First, knowing when not to move is just as important as knowing when to move. We wanted customers to be able to manually redirect the screen. But that meant distinguishing between the pressure applied by someone scrolling through a recipe while making dinner and someone physically trying to move the device. The device also needed to know that if it turned in one direction and hit something — a wall, cabinet, etc. — it should not continue to go in that direction.
This required a motor resistance — or “back drive” — that could kick in, or not, depending on the user’s movement. A lot of fine-tuning went into getting that distinction and timing right.
We also had to determine a speed and acceleration that felt natural. The motor allows us to accelerate at up to 360 degrees/second2 to a speed of up to 180 degrees/second. However, at that speed, in a typical, in-home environment, you risk knocking over a glass or a picture frame that might be near the device. Move too slowly, on the other hand, and you might try the customer’s patience — and even risk spurious stall detection. We settled on a speed that was quick but also allowed the device to stop short if it bumped an object.
Lastly, we needed to define the types of movements that Echo Show 10 will make. As humans, we have an innate ability to know when to respond with our eyes versus a full move of the head. Echo Show 10, while not quite as adaptive as a human, tries to approximate this distinction with three zones of perception, defined by the camera’s field of view.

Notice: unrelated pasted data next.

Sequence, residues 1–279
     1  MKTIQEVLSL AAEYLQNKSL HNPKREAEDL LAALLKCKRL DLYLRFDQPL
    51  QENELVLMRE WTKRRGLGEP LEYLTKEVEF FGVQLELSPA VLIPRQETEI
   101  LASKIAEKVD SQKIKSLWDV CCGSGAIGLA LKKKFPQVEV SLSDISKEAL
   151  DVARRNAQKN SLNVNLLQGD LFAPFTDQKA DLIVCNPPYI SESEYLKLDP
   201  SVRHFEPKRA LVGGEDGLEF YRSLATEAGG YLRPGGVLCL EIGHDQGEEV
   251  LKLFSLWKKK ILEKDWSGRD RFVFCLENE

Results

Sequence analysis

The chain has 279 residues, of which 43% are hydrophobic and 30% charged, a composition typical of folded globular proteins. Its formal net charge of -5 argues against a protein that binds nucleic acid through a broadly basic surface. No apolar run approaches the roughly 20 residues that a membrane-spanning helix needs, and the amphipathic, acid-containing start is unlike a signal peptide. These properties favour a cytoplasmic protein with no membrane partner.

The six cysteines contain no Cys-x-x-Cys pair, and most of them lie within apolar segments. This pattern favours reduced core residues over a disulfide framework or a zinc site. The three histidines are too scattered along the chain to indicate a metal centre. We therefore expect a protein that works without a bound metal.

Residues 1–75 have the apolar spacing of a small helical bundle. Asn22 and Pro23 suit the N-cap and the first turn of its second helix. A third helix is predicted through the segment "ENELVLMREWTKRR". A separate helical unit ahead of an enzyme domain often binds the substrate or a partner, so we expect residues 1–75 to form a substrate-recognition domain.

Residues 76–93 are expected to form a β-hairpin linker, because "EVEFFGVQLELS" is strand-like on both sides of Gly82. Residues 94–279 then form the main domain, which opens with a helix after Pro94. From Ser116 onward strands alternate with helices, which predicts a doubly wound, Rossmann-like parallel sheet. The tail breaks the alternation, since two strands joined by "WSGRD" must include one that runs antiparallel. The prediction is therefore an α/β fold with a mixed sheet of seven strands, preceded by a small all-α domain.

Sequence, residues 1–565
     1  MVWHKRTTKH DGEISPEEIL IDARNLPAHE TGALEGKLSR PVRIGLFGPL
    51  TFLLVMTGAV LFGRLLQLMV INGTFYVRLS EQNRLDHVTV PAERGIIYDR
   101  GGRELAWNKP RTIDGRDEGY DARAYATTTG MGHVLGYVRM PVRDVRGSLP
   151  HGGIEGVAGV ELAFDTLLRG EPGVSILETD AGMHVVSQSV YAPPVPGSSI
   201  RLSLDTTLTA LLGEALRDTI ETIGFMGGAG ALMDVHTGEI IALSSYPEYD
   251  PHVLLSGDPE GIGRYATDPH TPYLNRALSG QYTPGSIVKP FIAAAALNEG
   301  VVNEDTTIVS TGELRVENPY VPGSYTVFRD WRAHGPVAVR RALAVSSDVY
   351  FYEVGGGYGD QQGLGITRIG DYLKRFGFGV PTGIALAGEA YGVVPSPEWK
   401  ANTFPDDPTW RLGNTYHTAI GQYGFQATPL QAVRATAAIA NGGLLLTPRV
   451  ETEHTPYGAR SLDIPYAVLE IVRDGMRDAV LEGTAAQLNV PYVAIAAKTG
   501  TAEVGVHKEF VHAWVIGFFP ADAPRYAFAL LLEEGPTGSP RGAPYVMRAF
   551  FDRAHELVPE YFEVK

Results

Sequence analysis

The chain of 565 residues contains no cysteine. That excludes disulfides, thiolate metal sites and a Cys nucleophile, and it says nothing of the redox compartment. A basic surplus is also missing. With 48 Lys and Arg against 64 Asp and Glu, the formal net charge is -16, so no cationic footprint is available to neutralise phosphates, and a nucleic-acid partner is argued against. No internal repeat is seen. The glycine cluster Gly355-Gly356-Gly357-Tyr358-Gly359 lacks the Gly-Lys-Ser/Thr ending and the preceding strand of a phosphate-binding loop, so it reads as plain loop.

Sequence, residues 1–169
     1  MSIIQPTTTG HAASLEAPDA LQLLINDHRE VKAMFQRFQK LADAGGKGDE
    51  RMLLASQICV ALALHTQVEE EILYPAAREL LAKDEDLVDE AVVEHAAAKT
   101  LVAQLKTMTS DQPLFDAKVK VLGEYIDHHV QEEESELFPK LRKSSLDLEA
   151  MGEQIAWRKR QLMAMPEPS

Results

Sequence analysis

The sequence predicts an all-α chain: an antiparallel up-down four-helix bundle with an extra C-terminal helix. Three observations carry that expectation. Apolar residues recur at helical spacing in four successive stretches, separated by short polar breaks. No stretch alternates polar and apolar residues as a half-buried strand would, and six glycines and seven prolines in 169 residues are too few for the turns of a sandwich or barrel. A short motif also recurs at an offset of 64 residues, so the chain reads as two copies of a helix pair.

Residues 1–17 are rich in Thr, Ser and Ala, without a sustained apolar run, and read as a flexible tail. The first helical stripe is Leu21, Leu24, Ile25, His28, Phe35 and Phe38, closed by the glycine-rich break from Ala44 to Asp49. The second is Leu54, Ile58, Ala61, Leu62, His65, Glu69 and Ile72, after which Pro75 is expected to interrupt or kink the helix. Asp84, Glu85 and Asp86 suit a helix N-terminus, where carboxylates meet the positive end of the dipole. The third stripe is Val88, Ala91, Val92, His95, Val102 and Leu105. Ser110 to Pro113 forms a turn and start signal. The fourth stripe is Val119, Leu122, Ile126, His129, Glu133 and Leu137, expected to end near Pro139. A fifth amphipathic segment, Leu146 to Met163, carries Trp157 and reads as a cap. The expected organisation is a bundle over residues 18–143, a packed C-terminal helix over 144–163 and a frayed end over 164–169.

Within the “dead” zone, the center of the field of view, the device doesn’t move, even if the customers do. Within the “holding” zone, the regions of the field of view outside the center, the device turns only if the customer settles into a new position for long enough. And when the customer enters the “motion” zone, the edges of the field of view, the device moves, ensuring that the screen always remains visible.
The range of these zones, their dependency on your distance from the device, and the device’s speed and acceleration are tuned based on thousands of hours of lab and user testing. There are also certain situations where Echo Show 10 will not move — for instance, if the built-in camera shutter is closed or if SSL cannot differentiate between sounds in two very different directions.
After solving these scientific challenges came the fun part: what are some of the first features that will use motion? Video calling is a hugely popular feature for Echo Show customers, so the use of auto-framing and motion in calling was obvious. Customers also tend to place Echo Show devices in kitchens and use Alexa for recipes, so not requiring a busy cook to strain to see a recipe on-screen was also top of mind.
And because customers love Alexa Guard for helping keep their homes safe while they are away, remote access to the camera was high on the list as well. When Away Mode is turned on, Echo Show 10 will periodically pan the room and send a Smart Alert if someone is detected in its field of view. You can also remotely check in on your home for added peace of mind if you are on a trip or to see if your dog has snuck onto the couch while you’re at the grocery store.
In developing Echo Show 10, I have come to appreciate how complex, evolved, and adaptive we are as a species; the things we communicate with nonverbal cues are incredibly complex yet somehow globally understood. We believe that the potential of motion as a response modality is enormous, and we’re just scratching the surface of all the ways we can delight customers with Echo Show 10. For that reason, we’re inviting developers to build experiences for Echo Show 10, with motion APIs that they can use to unleash their creativity. To learn more about these new APIs, visit our developer blog.